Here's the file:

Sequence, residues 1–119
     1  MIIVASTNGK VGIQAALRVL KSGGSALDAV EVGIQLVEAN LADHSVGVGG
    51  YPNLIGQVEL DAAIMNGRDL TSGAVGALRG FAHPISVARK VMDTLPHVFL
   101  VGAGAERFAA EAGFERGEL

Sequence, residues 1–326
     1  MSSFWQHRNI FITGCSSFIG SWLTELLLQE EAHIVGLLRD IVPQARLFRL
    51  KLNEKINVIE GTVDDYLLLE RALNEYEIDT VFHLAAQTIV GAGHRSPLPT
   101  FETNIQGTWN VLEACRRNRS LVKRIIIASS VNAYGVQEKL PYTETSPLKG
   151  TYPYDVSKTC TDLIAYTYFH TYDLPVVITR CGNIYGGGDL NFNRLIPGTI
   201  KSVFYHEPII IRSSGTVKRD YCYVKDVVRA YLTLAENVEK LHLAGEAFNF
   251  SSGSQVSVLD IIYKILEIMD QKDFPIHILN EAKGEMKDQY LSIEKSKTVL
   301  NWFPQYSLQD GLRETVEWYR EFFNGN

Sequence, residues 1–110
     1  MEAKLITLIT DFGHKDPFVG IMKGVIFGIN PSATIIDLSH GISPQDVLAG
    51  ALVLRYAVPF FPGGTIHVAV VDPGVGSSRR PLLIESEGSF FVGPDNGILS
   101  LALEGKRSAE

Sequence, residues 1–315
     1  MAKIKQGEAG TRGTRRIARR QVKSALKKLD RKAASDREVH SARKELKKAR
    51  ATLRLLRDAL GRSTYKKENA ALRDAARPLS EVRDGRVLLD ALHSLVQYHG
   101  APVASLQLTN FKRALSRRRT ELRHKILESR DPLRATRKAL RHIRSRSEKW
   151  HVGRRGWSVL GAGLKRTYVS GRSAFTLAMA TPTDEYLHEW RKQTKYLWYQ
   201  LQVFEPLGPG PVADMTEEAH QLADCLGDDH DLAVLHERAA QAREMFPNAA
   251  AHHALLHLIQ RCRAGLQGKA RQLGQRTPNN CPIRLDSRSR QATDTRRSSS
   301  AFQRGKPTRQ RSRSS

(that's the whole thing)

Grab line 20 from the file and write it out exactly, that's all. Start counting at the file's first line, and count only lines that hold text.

   101  APVASLQLTN FKRALSRRRT ELRHKILESR DPLRATRKAL RHIRSRSEKW